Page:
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Formerly known as gotj
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Discussion Starter · #12 ·
Thanks, folks

Thanks for all the helfpful replies, folks. So it sounds like fabric softener is the key issue here. The detergent I got is Kirkland Ultra HE Free and Clear, so I assume it doesn't have any fabric softener...If that's the case, it should work. I'll see how it goes.
 

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I always use fabric softener. I use the Kirkland brand. It comes in paper-like sheets, like Bounce. I haven't noticed any ill effects.
 

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A couple months ago we bought new Maytag front loaders. They came with some detergent. Soon after my wife started using the stuff I started to get the itches. I would go to the gym and start scratching like mad! If I got on my bike I would get so itchy that I would want to pull over and crawl out of my skin. I was going nuts! A guy I know told me the same thing had happened to him and it was the detergent. Sure enough, I washed everything a couple times and haven't had a problem.
 

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SkiDiver said:
Thanks for all the helfpful replies, folks. So it sounds like fabric softener is the key issue here. The detergent I got is Kirkland Ultra HE Free and Clear, so I assume it doesn't have any fabric softener...If that's the case, it should work. I'll see how it goes.
We have a Whirlpool front loader. Our previous machine was a Maytag Neptune and it bit the dust after 4 or 5 years of service. Now Maytag and Whirlpool are one and Whirlpool makes Kenmore. No monopoly there. :rolleyes:

We have used Wisk HE detergent and I haven't had any problems. We just bought the Kirkland brand since it is a lot cheaper and hope for the same results.
 

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tubafreak said:
This is what'll do it. Fabric softeners load up the fabric with a type of silicone. It feels nice and soft to the touch, but being a silicone it repels water. This makes it destroy the usefulness of most high-performance fabrics. I have to make a concious effort to avoid it with my detailing toweling ($6 a towel microfiber, very soft, very absorbent) less it lose it's effectiveness, and I treat my cycling clothes with the same caution.
Does the fabric softener ruin the fabric permanently, or can the original wicking properties be restored by washing without the softener?
 

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Adrenalina Italiana
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I use Woolite dark laundry

for all of my Assos bibs and jerseys with the Maytag Neptune front loader. After 3 mos.using this method no problems thus far.All of my cycling apparel comes out nice and clean and still looks new.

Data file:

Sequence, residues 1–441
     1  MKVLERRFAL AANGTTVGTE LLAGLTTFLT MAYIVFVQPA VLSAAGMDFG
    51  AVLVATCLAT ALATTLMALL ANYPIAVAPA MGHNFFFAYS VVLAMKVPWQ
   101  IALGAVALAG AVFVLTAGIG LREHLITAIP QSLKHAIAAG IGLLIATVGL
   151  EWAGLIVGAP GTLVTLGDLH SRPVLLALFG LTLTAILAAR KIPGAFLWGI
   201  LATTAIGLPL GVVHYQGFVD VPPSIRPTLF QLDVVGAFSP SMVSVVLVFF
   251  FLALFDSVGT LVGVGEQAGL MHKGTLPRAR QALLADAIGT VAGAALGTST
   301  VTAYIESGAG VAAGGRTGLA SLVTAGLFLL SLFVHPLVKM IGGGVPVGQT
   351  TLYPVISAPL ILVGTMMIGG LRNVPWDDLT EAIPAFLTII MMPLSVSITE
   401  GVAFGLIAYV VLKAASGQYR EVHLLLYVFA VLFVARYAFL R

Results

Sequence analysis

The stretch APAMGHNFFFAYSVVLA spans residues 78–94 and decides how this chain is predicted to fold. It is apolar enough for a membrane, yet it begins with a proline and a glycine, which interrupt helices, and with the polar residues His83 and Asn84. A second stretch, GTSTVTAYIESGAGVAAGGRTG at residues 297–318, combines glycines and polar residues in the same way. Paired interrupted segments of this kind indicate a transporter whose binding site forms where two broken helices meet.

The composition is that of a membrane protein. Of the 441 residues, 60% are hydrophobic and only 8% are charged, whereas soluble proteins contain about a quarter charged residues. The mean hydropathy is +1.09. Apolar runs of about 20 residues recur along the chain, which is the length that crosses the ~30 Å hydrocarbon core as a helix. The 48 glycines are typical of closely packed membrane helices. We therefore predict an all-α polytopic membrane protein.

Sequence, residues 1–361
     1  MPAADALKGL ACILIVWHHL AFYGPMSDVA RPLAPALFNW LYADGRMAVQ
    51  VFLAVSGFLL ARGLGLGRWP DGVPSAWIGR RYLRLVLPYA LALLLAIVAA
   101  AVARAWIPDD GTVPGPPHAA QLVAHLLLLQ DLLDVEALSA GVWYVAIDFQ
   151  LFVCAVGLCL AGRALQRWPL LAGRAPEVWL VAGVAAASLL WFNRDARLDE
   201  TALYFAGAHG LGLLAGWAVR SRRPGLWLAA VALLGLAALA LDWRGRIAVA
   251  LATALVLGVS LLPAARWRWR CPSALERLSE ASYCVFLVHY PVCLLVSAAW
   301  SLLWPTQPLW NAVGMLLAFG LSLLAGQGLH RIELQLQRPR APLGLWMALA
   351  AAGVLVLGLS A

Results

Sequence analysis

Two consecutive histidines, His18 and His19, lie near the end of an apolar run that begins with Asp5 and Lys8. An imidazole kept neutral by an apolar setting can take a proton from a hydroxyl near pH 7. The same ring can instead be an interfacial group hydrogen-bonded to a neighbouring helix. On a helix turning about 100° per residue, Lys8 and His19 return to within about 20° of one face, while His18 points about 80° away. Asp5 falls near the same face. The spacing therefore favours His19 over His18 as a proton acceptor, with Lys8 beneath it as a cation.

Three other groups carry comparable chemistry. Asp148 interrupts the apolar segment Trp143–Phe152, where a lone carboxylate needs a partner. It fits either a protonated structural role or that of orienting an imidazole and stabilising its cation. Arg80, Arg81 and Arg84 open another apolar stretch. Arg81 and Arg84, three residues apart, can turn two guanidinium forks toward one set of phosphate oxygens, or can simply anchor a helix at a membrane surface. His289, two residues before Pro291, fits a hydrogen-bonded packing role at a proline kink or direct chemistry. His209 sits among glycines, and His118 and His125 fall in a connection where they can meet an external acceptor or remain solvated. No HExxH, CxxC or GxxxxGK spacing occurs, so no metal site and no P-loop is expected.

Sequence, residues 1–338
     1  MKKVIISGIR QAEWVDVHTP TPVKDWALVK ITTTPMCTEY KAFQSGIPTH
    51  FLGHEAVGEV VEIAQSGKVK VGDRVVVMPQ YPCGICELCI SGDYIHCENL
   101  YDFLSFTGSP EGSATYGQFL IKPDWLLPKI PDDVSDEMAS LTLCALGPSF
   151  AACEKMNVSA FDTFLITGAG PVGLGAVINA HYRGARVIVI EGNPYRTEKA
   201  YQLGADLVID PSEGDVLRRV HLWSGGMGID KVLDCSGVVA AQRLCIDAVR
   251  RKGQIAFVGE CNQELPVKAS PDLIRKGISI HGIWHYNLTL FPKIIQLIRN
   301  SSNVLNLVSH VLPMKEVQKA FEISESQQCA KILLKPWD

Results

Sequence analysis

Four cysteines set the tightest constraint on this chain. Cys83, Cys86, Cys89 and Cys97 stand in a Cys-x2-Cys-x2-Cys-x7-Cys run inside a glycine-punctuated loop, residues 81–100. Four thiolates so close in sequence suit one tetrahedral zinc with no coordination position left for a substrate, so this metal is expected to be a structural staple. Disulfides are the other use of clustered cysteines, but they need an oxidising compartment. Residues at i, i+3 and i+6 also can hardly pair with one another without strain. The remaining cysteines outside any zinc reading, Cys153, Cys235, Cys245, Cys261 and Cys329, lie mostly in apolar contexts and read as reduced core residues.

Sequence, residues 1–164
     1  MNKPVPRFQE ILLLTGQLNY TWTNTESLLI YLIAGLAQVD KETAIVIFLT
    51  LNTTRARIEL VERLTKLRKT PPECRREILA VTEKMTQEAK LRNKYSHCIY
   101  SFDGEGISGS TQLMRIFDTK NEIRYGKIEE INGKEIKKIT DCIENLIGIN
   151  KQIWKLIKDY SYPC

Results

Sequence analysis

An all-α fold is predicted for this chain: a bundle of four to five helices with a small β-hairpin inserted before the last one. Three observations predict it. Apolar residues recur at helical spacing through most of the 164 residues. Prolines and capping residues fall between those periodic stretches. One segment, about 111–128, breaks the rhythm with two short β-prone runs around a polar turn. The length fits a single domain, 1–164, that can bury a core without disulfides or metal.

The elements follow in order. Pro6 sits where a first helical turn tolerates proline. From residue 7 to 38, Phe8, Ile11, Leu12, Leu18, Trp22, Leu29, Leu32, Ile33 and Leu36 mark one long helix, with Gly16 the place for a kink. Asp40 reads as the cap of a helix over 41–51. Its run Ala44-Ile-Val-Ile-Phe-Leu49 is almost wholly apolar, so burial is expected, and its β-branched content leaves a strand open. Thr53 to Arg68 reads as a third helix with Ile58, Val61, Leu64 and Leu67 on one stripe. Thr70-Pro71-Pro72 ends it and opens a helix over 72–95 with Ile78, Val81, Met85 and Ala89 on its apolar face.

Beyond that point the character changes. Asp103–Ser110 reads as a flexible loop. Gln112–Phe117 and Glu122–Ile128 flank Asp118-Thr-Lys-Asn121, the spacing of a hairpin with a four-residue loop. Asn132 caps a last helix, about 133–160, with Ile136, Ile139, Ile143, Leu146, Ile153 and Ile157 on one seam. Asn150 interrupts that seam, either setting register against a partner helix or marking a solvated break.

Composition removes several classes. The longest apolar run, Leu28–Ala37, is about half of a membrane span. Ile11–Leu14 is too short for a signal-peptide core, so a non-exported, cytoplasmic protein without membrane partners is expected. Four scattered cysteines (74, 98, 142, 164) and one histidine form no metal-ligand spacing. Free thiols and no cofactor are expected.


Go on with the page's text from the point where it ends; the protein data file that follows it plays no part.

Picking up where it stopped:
Also, we use the HE detergents for all of the other laundry.We too were told repeatedly that using any other thing was forbidden. The first time I seen the washer in action, I thought this machine wouldn't get anything clean no matter what you used.It just sloshes the clothes back and forth with brief pauses,but it does and better than the top loader ever did.

Also, I like the added cool jingle that it does after a load of laundry is done.
 

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Bianchi Nuovo Alloro, Lemond Etape
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sears ultra hi-eff bucket $20

i got a sears he3 front-loader a yr and a half ago. at first i used tide he.

then i got the big bucket of powder sears ultra for front-loaders: $20.

it lasted from may 05 to last week.

my wife and i wash a lot of sports clothes.

i love the front loader, plus, no problems with this super-inexpensive detergent.

the front loader will get your clothes so clean that they will actually have no odor whatsoever - the perfumes and other residue from all previous washings will get washed out and you will get clothes that just smell like clothes. this freaks out some people.

my front-loader will easily wash a typical load-and-a-half. a normal load will use only a bit more than half a scoop. i also add a shot of vinegar in the fab softener bin. things come out softer and it prevents detergent build-up.

the spin cycle gets so much water out that your drying times are shorter, too.
 

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yes be careful

if you use non HE detergents in HE frontloaders you can develop mold on the door gasket.
to repalce this is quite costly. you can add an extra rinse as well with most front loaders and I use HE detergents (without softeners, scents, etc...) on my gear and so far so good
 

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Bianchi Nuovo Alloro, Lemond Etape
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mold, mildew front loader

like atp sez, you can get mold in the front loaders - this is a prob for the sears/kenmore HE3, HE4. it will totally ruin your fl.

this is actually a moisture problem. people recommend to keep the door open when it is not being used so mold does not grow.

the reason the non-he detergents cause this prob is that the suds don't rinse away as well, so some moisture is left behind in the big rubber gasket "boot" that is needed to seal a fl compared to a tl.

i just leave the washing machine door open. it is not a hard habit to develop - just pretend it is a toilet seat (at least this works for guys).